John Henry Newman

Orfeas Katsoulis | Mar 11, 2023

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John Henry Newman, born in London on February 21, 1801 and died in Edgbaston on August 11, 1890, was a Catholic saint. During his lifetime, he was a British clergyman, theologian and writer. He converted to Catholicism in 1845.

As a student at Oxford University, he was ordained an Anglican priest. His work on the Fathers of the Church led him to analyze the Christian roots of Anglicanism and to defend the independence of his religion from the British state, in the form of "tracts". Thus was born the Oxford Movement, of which John Newman was one of the main actors. His research on the Church Fathers and his conception of the Church led him to convert to Catholicism, which he now saw as the confession most faithful to the roots of Christianity. It was during this period that he wrote the famous poem Lead, Kindly Light (1833).

He left for Ireland to found a Catholic university in Dublin, at the request of the bishops of that country. In order to make his conception of education and science better understood, he gave a series of lectures: The Idea of University, before resigning in 1857 because of the lack of confidence of the Irish bishops in his enterprise. His conversion to Catholicism was misunderstood and criticized by his former Anglican friends. He was also viewed with suspicion by some English Catholic clergy because of his positions, which were considered very liberal. In response to slander, John Newman described his conversion to Catholicism in Apologia Pro Vita Sua. This work changed the perception of Anglicans towards him and increased his notoriety. The misunderstanding caused by the proclamation of the dogma of papal infallibility led Newman to defend the Church and the primordial place of conscience in his Letter to the Duke of Norfolk. His conception of conscience was partly developed during the Second Vatican Council. He then wrote the Grammar of Assent, which was a defense of the faith in the face of the development of positivism. The new Pope Leo XIII, elected in 1878, decided to create him a cardinal in 1879. John Newman died eleven years later at the age of 89.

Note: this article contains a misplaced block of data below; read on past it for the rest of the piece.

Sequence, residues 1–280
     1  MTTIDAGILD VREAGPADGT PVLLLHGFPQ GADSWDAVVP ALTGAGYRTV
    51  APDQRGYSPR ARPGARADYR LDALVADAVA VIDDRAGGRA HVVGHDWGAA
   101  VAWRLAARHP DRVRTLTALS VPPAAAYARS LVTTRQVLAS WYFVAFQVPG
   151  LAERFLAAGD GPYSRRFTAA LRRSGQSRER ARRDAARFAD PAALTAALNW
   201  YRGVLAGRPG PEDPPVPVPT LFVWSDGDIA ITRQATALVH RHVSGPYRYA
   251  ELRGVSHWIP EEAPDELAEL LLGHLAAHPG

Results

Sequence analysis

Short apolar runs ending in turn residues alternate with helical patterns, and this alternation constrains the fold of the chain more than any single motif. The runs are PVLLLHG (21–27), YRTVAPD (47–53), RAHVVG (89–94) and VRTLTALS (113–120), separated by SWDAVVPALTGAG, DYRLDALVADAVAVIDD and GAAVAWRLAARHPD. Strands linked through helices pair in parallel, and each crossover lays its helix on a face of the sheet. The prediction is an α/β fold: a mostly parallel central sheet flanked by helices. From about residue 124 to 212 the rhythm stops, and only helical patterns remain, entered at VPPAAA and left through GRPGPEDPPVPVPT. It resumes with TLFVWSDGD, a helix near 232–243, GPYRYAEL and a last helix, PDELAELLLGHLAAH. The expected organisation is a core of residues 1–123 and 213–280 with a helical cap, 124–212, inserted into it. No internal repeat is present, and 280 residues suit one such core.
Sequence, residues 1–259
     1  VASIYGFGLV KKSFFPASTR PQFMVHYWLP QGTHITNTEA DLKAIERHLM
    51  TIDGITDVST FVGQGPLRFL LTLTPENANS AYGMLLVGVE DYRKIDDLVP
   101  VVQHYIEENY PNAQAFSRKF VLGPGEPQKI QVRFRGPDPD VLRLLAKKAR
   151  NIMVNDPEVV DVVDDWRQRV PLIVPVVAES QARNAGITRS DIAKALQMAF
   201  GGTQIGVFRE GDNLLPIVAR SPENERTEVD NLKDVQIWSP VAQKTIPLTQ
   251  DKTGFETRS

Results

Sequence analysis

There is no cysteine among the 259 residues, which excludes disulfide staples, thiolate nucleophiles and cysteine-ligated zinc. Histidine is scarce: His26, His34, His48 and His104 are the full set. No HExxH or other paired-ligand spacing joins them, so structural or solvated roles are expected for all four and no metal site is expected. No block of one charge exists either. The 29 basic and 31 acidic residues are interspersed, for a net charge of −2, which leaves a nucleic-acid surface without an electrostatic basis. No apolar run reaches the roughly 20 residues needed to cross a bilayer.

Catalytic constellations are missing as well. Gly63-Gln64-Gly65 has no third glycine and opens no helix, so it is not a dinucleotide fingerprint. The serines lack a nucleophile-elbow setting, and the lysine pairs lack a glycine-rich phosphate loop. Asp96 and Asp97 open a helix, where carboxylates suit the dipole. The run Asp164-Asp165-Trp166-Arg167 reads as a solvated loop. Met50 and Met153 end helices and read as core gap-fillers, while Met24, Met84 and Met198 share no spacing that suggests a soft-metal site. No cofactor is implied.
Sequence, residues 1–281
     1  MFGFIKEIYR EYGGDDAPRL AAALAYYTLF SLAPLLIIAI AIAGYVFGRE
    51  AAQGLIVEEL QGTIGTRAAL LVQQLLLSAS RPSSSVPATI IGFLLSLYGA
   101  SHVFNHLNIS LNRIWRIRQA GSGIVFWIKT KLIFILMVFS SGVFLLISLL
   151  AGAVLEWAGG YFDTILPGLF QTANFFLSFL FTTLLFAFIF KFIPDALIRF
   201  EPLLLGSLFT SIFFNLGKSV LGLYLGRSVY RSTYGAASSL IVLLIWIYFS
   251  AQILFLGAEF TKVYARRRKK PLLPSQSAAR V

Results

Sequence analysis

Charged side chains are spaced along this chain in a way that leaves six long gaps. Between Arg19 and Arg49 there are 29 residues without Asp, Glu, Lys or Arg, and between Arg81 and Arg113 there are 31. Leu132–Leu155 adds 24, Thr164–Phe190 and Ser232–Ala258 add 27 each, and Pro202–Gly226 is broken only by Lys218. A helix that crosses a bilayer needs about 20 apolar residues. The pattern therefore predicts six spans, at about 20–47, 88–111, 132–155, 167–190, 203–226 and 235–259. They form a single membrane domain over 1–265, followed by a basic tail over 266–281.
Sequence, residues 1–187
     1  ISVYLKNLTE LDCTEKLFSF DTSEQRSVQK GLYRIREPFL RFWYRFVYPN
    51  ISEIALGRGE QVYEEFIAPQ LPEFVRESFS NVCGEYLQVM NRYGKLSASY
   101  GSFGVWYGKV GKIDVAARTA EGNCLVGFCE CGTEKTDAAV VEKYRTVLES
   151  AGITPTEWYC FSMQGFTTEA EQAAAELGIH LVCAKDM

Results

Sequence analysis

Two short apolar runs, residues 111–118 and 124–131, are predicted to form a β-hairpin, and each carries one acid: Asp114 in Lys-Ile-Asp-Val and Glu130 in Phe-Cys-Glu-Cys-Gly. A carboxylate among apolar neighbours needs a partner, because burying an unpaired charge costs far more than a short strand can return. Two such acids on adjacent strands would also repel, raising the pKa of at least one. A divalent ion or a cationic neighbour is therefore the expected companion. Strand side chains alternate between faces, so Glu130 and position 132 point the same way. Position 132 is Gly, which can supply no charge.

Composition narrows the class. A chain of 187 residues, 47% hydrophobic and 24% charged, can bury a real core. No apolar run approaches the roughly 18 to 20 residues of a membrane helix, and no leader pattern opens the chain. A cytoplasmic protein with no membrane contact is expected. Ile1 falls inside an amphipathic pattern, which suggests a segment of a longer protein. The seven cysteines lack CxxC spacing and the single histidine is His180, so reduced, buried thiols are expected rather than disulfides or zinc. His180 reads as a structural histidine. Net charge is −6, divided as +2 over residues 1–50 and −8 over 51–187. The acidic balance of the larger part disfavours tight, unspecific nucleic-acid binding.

A renowned theologian and Christologist, he is one of the major figures of British Catholicism, along with Thomas More, Henry Edward Manning and Ronald Knox. He has had a considerable influence on Catholic intellectuals, especially on authors coming from Anglicanism. For Xavier Tilliette, he appears as "a great and singular personality, a sort of Paschal candle in the Catholic Church of the 19th century". His works, including the Grammar of Assent and the Apologia Pro Vita Sua, are a constant reference for writers such as G. K. Chesterton, Evelyn Waugh and Julien Green, as well as for theologians and philosophers such as Avery Dulles, Erich Przywara and Edith Stein, who translated his work The Idea of University into German.

Proclaimed venerable by the Congregation for the Causes of Saints in 1991 and beatified in Birmingham on September 19, 2010 by Pope Benedict XVI, he was proclaimed a saint on October 13, 2019 by Pope Francis.

Years of training

John Henry Newman was the oldest of six children. The family is said to have Dutch origins, and the name "Newman", previously spelled "Newmann", suggests Jewish roots, although these have not been proven. His mother, Jemima Fourdrinier, came from a family of French Huguenots, engravers and paper makers, long settled in London.

The father, John Newman, a Whig, founded a bank, moved with his family to Ham, then to Brighton in 1807 and to London the following year. The Napoleonic wars forced him into bankruptcy, and the family moved to their country house in Norwood. Soon after, John took over the management of a brewery near Alton, and the Newmans moved there to be closer to their new place of work.

John Henry's younger brother, Charles Robert (1802-1884), an intelligent but temperamental man and an avowed atheist, led an isolated life, while the youngest, Francis William (1805-1897), made a career at University College London as a professor of Latin. Two of the three sisters, Harriett Elizabeth (1803) and Jemima Charlotte (1807), married two brothers, Thomas and John Mozley. From the union of Jemima Charlotte and John was born Anna Mozley, who edited Newman's correspondence in 1892. The third sister, Mary Sophia, born in 1809, died in 1828, which deeply affected the young John.